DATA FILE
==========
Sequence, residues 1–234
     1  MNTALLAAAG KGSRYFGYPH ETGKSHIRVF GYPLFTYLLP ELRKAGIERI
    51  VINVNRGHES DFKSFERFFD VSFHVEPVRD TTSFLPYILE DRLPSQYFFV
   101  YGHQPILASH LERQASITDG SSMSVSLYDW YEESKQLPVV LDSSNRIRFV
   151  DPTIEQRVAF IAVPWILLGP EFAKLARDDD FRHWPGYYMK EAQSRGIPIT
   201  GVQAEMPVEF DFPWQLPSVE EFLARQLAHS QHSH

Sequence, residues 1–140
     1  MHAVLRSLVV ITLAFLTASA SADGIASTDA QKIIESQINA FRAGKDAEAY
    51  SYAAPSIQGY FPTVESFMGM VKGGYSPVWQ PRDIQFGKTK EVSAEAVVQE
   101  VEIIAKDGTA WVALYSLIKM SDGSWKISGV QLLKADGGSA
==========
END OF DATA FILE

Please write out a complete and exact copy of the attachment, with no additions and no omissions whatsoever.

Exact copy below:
Sequence, residues 1–234
     1  MNTALLAAAG KGSRYFGYPH ETGKSHIRVF GYPLFTYLLP ELRKAGIERI
    51  VINVNRGHES DFKSFERFFD VSFHVEPVRD TTSFLPYILE DRLPSQYFFV
   101  YGHQPILASH LERQASITDG SSMSVSLYDW YEESKQLPVV LDSSNRIRFV
   151  DPTIEQRVAF IAVPWILLGP EFAKLARDDD FRHWPGYYMK EAQSRGIPIT
   201  GVQAEMPVEF DFPWQLPSVE EFLARQLAHS QHSH

Sequence, residues 1–140
     1  MHAVLRSLVV ITLAFLTASA SADGIASTDA QKIIESQINA FRAGKDAEAY
    51  SYAAPSIQGY FPTVESFMGM VKGGYSPVWQ PRDIQFGKTK EVSAEAVVQE
   101  VEIIAKDGTA WVALYSLIKM SDGSWKISGV QLLKADGGSA